Youth Justice Officer and author Andi Brierley (@andibrierley) may regret posting such an interesting comment on my blog entry about coproduction – because of course I asked him to turn it into a guest blog. I’m glad I did anyway: this is such a powerful personal piece on why we need many more people with lived experience working in – and leading – our public services. It follows Rachel and Tim’s guest blog yesterday about more meaningful relationships in social work, both of these pointing to the fascinating conversations which are taking place across the adult and children’s services divide about the relationships we have – and those we need – between people offering and seeking support. Andi writes:
I was born to a mother living in a children’s home aged just 16. I spent time in care as a result of mum’s capacity issues leaving me and my siblings abused and neglected. I was excluded from school aged 15, addicted to heroin aged 16 and then exploited into selling drugs by older men. When I was eventually caught, I was sent to a Young Offenders Institution for 18 months. This sentence did little to address my life challenges and upon release, I served a further 3 sentences for offences that all related to drug and alcohol related offences.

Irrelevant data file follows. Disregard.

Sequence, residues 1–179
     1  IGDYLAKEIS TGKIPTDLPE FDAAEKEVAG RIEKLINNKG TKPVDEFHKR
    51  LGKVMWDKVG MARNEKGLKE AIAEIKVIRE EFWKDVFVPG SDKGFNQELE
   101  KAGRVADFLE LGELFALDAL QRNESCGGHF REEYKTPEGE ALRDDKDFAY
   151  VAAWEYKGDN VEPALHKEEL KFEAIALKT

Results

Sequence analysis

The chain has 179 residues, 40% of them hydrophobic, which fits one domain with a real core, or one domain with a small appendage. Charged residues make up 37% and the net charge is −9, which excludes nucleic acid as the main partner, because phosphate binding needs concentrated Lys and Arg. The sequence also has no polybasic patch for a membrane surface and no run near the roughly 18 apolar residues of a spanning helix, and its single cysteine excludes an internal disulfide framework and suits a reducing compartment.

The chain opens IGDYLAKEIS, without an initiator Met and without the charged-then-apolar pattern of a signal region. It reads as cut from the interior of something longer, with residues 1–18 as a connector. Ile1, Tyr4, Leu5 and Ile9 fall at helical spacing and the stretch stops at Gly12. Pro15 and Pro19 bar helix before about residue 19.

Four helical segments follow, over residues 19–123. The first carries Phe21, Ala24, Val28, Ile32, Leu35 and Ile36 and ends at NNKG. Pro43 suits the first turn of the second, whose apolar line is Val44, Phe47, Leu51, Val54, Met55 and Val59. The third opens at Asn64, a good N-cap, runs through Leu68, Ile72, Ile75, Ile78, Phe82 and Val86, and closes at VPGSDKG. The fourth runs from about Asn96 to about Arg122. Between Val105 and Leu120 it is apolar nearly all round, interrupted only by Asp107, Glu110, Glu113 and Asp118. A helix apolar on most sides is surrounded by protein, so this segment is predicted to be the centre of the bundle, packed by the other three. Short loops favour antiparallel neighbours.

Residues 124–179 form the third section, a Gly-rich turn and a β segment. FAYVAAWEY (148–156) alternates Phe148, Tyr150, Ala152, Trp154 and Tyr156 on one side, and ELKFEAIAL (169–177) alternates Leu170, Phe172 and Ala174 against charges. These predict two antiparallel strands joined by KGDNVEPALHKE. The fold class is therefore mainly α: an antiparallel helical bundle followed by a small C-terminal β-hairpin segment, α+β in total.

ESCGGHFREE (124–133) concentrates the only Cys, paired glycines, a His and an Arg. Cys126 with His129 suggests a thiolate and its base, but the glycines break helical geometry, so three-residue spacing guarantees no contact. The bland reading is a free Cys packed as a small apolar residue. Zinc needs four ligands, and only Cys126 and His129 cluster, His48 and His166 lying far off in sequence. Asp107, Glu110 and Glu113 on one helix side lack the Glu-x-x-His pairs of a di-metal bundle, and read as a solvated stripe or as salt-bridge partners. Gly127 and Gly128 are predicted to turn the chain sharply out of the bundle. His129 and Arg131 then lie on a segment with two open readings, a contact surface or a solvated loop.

I eventually started volunteering for the Youth Justice service in 2007, only two years after release from my last prison sentence. Having been granted an opportunity, I grabbed it with both hands and have worked in youth justice ever since, qualifying in 2013. I have also written a book ‘Your Honour Can I Tell You My Story’ about my experiences, in which I draw on my unique combination of 11 years as a service user and 13 as a youth justice worker, to argue that our institutional responses to disadvantaged communities, children and families do not – and cannot – work.
Let’s take the Criminal Justice System. The regulatory body of Probation and Youth Justice, Her Majesty’s Inspectorate of Probation (HMIP) is set up to regulate ‘risk management’ processes. Do these processes keep us safe?
According to a 2016 Ministry of Justice report, 25% of the adult prison population had experienced care and 42% had been excluded from school: they were known to services from a very early stage in their lives, and many excluded from school and criminalised in their care setting (see this 2018 DfE report). So risk management at that early stage was ineffective, and then, post-incarceration, the reoffending rate for children within 12 months of release is a high as 70%.